In the image above a Coast Guard C-130J aircraft is photographed ahead of clouds at sunset in which it has formed symmetrical vortices. I enjoy this image for both its incredible aesthetic of the movement of flight and the powerful fluid dynamic forces behind it. These vortices are formed by a phenomenon called wake turbulence which occurs on an aircraft when its wings produce lift.  The differential in the high pressure below the aircraft wing and the low pressure field above the wing cause air to swirl outwards and behind the aircraft. As the air is pushed outward it forms two vortices at the wingtips that rotate in opposite directions. These vortices air spread out latterly and downward from a wake behind the aircraft.  These vortices of air can remain for miles behind an aircraft which can create beautiful swirls in cloud structure like the image above.  Wave turbulence does not just create incredible cloud formations but can also be incredibly dangerous. When this wave turbulence is not taken into account it can lead to airplane to crash when landing and taking off.   Image Courtesy of United States Coast Guard, Air Station Elizabeth City, North Carolina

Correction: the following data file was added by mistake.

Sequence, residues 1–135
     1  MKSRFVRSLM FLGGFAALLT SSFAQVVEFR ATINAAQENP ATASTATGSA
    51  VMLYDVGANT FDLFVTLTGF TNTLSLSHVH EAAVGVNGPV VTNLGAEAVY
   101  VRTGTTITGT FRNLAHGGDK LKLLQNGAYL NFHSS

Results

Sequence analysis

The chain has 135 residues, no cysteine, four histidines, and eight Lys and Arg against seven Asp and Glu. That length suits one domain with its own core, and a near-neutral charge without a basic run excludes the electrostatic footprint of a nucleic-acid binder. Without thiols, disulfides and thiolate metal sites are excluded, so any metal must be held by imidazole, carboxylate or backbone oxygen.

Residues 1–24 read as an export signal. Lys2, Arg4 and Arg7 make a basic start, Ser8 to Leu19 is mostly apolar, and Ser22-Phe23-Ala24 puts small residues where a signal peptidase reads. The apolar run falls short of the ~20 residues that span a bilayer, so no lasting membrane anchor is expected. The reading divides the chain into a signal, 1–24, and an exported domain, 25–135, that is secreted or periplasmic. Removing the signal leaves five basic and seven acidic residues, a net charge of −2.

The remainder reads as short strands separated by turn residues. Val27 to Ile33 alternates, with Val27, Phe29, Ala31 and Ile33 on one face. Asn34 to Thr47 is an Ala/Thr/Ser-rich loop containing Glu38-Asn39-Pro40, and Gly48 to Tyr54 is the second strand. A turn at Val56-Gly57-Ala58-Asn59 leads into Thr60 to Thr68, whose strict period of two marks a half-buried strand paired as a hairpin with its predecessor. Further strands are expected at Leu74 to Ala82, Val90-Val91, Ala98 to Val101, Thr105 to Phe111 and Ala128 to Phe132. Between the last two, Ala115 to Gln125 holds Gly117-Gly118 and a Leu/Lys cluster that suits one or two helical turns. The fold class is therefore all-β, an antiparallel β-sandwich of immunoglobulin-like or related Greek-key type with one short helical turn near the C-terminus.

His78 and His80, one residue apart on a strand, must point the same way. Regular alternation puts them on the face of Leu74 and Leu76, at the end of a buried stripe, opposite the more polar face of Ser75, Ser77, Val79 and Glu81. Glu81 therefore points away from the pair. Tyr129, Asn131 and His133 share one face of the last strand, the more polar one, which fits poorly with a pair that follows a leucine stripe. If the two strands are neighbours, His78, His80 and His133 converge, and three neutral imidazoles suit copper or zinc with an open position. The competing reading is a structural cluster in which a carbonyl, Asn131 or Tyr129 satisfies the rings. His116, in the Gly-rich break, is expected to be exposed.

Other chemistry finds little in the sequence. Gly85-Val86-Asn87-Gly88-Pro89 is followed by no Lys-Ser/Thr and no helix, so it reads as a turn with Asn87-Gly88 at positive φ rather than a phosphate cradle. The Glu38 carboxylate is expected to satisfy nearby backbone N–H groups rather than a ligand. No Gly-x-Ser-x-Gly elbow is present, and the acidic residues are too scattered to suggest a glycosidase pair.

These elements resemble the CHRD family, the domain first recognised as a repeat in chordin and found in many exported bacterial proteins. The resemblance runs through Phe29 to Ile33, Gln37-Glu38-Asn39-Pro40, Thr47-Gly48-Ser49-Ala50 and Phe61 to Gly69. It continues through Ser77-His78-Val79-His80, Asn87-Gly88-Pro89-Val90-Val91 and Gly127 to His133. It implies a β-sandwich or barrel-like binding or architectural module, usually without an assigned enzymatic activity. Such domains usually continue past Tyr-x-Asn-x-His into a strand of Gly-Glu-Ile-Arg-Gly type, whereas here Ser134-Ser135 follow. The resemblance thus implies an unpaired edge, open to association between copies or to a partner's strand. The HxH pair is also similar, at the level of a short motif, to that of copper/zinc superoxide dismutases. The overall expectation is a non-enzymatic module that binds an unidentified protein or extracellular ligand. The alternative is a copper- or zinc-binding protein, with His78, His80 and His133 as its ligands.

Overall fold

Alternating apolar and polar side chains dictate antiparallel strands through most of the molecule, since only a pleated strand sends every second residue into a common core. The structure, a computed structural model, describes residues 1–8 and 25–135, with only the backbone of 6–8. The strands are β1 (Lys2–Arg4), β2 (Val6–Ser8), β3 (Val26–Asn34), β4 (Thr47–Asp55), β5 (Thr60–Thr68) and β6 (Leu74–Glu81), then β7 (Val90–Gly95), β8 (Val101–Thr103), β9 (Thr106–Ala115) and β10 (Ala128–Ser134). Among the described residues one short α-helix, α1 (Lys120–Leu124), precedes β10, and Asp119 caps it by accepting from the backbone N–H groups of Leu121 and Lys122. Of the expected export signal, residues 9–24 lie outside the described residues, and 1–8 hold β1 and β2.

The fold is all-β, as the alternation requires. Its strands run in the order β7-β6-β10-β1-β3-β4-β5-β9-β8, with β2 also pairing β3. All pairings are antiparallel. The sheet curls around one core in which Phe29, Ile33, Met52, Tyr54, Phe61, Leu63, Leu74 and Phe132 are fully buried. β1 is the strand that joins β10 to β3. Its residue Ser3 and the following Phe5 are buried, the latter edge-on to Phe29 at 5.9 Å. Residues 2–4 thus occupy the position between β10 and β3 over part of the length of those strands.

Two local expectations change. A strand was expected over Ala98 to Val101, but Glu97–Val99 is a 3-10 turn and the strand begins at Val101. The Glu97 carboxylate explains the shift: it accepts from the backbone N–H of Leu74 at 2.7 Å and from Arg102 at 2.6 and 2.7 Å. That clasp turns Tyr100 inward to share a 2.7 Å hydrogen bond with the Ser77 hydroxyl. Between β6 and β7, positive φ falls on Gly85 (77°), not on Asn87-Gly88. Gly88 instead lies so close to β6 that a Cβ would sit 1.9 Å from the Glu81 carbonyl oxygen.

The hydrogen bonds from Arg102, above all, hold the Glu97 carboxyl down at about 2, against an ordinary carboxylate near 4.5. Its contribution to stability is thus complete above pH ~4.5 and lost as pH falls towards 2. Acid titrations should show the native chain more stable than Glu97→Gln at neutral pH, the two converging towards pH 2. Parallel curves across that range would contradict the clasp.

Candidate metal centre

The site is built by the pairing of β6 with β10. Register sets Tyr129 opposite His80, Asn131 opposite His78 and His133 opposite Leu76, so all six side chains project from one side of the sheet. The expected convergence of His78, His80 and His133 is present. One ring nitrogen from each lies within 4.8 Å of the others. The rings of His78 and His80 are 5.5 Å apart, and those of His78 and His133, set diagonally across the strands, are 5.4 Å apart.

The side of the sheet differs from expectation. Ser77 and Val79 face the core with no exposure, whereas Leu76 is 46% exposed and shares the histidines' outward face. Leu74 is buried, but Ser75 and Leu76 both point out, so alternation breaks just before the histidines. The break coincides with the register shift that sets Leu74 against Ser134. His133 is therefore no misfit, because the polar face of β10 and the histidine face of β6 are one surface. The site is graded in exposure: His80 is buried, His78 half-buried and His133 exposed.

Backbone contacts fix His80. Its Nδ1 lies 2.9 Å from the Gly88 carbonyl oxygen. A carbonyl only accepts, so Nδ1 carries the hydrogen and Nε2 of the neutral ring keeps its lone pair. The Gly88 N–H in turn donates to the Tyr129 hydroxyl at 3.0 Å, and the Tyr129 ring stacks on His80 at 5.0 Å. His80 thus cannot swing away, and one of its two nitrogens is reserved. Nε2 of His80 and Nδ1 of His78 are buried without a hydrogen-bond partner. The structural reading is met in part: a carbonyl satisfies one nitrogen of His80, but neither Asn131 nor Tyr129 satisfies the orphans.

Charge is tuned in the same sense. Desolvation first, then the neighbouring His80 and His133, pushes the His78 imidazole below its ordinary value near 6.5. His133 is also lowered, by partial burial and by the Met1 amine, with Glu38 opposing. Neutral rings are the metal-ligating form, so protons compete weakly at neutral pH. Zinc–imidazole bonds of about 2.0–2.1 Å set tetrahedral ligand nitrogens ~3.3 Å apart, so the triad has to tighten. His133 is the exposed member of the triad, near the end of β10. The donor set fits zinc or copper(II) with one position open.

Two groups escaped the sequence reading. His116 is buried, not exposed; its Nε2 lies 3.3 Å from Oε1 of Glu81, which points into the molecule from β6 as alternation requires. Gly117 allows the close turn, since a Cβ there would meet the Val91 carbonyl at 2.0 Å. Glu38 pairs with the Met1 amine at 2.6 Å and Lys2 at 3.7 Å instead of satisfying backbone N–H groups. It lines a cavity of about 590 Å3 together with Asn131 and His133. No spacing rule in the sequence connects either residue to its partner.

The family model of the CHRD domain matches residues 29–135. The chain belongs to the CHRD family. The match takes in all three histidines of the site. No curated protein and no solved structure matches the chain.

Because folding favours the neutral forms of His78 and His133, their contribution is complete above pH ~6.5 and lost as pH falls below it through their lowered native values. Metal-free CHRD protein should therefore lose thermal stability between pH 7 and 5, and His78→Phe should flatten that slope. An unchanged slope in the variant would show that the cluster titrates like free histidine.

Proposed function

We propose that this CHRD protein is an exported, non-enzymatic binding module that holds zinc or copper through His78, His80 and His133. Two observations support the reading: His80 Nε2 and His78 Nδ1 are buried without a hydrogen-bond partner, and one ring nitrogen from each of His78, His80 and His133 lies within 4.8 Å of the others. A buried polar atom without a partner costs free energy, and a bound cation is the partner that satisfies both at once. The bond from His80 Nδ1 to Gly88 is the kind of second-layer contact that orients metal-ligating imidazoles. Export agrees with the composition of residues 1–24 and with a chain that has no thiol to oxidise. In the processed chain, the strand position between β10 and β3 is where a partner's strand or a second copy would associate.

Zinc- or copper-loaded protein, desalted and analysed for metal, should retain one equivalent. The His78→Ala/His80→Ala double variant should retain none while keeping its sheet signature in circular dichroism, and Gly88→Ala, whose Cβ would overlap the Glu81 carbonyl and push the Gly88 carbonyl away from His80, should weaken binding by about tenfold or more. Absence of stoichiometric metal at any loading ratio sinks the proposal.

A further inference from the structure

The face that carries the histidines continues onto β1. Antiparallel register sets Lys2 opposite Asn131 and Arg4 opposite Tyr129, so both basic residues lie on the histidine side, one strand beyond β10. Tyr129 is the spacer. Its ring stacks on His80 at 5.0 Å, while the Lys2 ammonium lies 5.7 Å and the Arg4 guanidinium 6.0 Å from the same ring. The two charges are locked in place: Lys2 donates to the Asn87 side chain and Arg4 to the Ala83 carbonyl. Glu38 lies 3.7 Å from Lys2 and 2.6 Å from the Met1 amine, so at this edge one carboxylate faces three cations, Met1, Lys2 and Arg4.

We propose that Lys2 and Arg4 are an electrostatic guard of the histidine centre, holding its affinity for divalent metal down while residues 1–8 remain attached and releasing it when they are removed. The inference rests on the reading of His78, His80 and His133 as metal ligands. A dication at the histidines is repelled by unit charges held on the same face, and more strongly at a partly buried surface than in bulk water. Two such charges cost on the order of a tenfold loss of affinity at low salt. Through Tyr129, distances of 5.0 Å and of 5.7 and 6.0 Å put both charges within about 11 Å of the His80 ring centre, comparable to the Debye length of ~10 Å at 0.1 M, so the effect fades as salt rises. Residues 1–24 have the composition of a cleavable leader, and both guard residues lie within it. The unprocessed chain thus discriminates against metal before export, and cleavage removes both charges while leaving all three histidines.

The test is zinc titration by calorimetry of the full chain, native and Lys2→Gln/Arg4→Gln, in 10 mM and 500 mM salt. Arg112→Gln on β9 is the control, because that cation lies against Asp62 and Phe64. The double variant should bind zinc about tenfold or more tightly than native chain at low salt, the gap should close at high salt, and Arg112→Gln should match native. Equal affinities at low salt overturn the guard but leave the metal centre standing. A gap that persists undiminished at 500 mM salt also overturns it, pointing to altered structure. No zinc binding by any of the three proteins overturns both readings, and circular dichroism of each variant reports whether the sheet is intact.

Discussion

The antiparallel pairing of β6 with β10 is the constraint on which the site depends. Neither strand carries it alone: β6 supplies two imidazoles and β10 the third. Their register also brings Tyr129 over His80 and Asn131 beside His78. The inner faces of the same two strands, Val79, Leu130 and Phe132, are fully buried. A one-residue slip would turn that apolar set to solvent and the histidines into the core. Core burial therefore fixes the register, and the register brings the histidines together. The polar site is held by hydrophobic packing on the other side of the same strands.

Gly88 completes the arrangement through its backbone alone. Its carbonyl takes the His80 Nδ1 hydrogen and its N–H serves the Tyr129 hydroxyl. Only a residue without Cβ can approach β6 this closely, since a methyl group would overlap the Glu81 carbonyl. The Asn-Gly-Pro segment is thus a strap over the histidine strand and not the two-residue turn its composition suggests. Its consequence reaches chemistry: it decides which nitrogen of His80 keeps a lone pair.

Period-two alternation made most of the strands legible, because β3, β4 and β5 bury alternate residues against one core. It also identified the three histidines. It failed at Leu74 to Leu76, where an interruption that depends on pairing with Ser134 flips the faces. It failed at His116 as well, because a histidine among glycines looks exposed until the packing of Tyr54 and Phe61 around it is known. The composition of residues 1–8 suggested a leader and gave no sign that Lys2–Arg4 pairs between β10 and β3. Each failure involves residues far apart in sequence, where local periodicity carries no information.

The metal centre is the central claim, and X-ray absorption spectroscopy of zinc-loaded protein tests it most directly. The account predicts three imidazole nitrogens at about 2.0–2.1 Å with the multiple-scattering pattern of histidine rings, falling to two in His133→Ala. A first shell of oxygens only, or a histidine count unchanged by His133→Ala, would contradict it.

L’hotelier, Erwan. “Wake Turbulence.” IVAO Wake Turbulence, IVAO HQ Training Department, 18 Oct. 2015, www.ivao.aero/training/documentation/books/PP_ADC_Wake_turbulence.pdf.